Japan Food Hunt #1: 6am Sushi, Orgasmic Ramen and Chicken Butt
On Friday, the night before my trip to Japan, I started to pack. â€œDonâ€™t over pack, donâ€™t over packâ€, I kept telling myself. Six shirts, four pairs of jeans later, I was pretty much done. I made sure that my camera was fully charged and also brought along my Holga Camera that I got for $14.99. These cameras are known for producing super-artsy, over-saturated photos, so the colors are truly vibrant. I brought this along for photos of Kyotoâ€™s cherry blossoms. I then packed all my books on Japan that I had borrowed from Oishii Eats and a co-worker. I was good to go within 45 minutes.
I dreaded the long flight to Japan, and made sure that I had my goods with me. I recently subscribed to Food & Wine, Gourmet and Bon Appetit and packed those with me, along with my iPod. The battery life had diminished over the years, and I knew that I was guaranteed at least two hours of music. I perused my tour books and picked out all the common phrases iâ€™d be using most frequently in Japan. Like, â€œI think youâ€™re cute, wanna come back with me to America?â€ Or â€œCan I have more beer please?â€ While I was doing that, the stewardess came by with drinks and I gladly asked for a few bottles of Gin and Vodka to start my iPod/drinking party. My friends looked over at me and gave me the â€œYouâ€™re such an alcoholicâ€ headshake. So what, itâ€™s my vacation!? Then came the ‘Japanese’ airplane meal. Picture should say enough.
11 hours later, we landed in Narita International at around 6 pm Tokyo time. What a great feeling to know that your co-workers are talking shit about you while youâ€™re vacationing. All of their sentences starting out with, â€œFucking Dylanâ€¦â€. I smiled after that thought. But this wasnâ€™t all about play. I had my own job to do: to seek out the good eats of Japan for myself and for the foodblogging community.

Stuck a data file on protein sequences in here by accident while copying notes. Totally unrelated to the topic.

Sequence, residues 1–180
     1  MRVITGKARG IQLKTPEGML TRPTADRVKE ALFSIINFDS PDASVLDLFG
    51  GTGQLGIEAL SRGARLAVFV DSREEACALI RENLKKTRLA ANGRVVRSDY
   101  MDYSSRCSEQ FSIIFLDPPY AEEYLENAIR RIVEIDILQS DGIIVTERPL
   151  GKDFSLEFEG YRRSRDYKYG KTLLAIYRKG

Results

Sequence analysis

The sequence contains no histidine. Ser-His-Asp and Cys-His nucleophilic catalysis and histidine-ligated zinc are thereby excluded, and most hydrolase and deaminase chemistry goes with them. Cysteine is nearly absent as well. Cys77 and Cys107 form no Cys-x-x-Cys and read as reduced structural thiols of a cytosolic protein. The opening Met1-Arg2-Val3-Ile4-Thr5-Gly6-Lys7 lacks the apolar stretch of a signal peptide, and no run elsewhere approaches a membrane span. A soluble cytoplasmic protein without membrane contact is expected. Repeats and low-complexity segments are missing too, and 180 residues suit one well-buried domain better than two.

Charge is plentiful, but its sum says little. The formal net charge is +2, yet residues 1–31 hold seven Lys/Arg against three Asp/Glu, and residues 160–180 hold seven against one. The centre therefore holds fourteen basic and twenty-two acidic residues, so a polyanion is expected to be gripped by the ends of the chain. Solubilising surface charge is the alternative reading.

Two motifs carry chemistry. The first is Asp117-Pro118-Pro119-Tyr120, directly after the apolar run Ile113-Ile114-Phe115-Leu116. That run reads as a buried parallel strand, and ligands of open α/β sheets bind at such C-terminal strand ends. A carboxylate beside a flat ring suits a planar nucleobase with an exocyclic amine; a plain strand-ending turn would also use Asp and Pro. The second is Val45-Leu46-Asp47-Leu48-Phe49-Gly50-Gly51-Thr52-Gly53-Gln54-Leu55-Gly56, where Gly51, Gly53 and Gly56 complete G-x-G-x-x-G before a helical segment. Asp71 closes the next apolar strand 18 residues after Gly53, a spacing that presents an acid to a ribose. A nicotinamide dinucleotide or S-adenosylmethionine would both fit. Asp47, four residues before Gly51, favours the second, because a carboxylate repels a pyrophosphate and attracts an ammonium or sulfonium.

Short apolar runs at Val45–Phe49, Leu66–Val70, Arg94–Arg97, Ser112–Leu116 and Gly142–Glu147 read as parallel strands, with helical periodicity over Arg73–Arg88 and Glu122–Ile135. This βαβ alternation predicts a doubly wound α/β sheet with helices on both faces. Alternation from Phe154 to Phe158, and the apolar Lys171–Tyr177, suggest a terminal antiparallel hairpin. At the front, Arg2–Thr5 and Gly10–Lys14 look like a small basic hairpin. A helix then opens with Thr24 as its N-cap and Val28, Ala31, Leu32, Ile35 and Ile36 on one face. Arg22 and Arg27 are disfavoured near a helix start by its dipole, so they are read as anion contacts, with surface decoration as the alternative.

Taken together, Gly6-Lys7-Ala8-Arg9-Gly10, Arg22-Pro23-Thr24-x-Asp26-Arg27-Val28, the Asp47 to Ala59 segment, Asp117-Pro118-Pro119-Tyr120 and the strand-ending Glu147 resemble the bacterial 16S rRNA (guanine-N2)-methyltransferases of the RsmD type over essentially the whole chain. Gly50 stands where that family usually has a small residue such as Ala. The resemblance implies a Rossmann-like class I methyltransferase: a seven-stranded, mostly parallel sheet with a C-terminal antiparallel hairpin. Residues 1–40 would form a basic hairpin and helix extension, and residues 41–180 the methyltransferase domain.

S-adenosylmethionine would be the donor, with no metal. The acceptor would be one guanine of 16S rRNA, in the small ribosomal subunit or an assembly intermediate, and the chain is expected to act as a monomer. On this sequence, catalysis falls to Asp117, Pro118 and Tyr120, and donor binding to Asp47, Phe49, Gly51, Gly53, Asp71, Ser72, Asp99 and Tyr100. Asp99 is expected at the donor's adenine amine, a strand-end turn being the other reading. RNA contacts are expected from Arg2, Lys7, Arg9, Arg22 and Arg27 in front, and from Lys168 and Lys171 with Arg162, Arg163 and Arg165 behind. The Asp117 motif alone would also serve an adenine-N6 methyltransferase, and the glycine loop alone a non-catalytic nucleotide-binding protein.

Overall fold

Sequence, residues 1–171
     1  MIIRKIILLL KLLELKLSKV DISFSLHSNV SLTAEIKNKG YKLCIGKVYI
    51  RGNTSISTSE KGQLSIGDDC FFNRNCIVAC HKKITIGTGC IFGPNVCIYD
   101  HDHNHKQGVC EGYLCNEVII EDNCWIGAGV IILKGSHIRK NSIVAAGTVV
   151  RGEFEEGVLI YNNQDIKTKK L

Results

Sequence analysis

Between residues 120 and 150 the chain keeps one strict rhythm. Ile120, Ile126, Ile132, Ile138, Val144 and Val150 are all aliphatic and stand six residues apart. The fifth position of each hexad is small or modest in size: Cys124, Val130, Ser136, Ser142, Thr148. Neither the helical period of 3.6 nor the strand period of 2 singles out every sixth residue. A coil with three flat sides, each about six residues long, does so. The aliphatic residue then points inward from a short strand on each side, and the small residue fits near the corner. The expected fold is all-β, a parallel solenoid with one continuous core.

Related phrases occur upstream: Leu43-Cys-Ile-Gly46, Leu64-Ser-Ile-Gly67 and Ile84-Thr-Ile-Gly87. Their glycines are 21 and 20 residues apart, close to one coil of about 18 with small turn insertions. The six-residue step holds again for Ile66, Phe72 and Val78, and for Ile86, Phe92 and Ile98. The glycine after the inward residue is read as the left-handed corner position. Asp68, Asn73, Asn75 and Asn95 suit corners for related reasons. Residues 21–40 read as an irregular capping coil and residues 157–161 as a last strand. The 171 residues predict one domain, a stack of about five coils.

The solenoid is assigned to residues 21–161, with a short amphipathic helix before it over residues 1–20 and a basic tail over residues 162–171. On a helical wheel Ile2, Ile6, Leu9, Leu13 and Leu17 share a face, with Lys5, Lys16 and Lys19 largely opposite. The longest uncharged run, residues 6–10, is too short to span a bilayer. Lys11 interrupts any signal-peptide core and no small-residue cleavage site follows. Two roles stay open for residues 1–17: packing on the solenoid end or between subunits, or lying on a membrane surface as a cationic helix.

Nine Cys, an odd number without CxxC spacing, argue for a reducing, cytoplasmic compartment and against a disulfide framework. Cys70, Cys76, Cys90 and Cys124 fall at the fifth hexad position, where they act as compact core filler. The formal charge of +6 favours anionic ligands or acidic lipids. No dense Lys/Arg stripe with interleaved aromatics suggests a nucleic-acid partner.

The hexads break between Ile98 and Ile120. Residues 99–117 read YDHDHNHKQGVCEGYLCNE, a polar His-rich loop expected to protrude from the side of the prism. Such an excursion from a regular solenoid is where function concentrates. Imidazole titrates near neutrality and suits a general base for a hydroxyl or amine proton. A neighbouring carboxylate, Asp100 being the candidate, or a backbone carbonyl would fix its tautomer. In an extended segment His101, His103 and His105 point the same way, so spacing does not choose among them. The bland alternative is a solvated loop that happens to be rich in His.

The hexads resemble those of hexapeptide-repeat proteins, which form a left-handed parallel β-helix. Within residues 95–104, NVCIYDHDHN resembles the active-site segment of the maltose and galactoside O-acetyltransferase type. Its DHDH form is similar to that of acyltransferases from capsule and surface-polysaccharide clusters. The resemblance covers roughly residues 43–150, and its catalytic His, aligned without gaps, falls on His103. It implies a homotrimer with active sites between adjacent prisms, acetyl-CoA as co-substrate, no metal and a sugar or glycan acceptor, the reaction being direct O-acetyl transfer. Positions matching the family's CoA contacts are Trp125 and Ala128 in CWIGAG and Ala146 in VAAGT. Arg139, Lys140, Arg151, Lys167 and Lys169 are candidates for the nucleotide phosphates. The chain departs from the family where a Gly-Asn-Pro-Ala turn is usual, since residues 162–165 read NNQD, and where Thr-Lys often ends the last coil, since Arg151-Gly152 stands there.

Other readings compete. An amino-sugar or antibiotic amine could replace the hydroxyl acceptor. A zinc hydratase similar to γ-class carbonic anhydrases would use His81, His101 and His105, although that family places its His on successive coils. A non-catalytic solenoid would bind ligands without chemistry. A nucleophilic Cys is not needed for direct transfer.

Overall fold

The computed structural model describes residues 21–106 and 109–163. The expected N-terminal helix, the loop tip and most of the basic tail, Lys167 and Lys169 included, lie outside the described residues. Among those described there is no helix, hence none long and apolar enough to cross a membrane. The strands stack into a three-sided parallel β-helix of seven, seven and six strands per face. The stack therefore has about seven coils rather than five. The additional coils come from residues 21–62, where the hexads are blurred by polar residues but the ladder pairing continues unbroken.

We dropped off our stuff at our shack called Washington Shinjuku Hotel, courtesy of Expedia. A piece of shit I donâ€™t recommend anyone experiencing. I stepped into the bathroom and thought I was in a Winnebago RV bathroom. Yes, that small. We were hungry and didnâ€™t feel like foraging for food and ended up at this 24 hour joint. It was my first time seeing a menu on a vending machine. On the outside of the restaurant, plastic replicas of food were stored in glass displays. You then went in to the restaurant and selected your food from a machine that accepted cash and gave you a receipt. You would then bring the receipt to the cooks and voila, food was out in less than 5 minutes. I thought this was pretty cool b/c you could very well run these types of restaurants with just three people. No servers/hostesses or any other tip-hoggers to deal with. The food was less than satisfactory, but we expected that. We were in for a bigger deal tomorrow, so this meal was just foreplay.
A. Monumental achievements in the world of plastic and ceramic. I can look at these funky displays all day long. I think it’s so interesting that the Japanese invest all that time in making everything look so real. Even the bread crumbs on the katsu look real! I’d love to work for one of these factories.
B. The Ramen Robot. I wish we had one of these for mexican food. Instant carne asada tacos!
C. Instant crap! Gross.
It was now 4:45 am, and we had gone to sleep about 5 hours before. We didnâ€™t have a hard time waking up because of the jetlag and this was the best opportunity to catch the action over at the Tsukiji Fish Market in the Southeast side of Tokyo. I was so stoked about this. How much fresher can the sushi be. Weâ€™re like a Â¼ mile from the sea! We took a taxi over to the fish market and already saw quite a lot of tourists heading into the warehouse district. My friendâ€™s coworker warned him to be careful at the fish market because it was pure chaos. He was so right. Fishermen in trucks, forklifts and carts buzzed around the lot at pretty fast speeds, lugging huge flash-frozen fish, Styrofoam crates and other creatures of the sea.
A. Fisherman selling packaged goods like sea urchin. Maybe even drugs. Nobody knows.
B. Fresh packaged tuna. That is the epitome of freshness.
C. Tuna cemetary. You can’t see the other 100 flash-frozen tunas there. Inspectors carried fish hooks with them and hacked away at the tail area of the fish to determine it’s grade and marked them with paint. Truly an amazing site.
D. The Fish Market raceway. Vehicles were moving a good 15-20 mph in there. Look out!
E. Tuna bidding auction in progress. A bell was rung, and the auctioneer read out bids.
F. Fresh tuna. Each one of these mothers was a good 3.5-4 feet long and probably atleast 200 lbs. I couldn’t imagine how strong those fishnets were.
G. Snow crabs enjoying their last few shots of oxygen.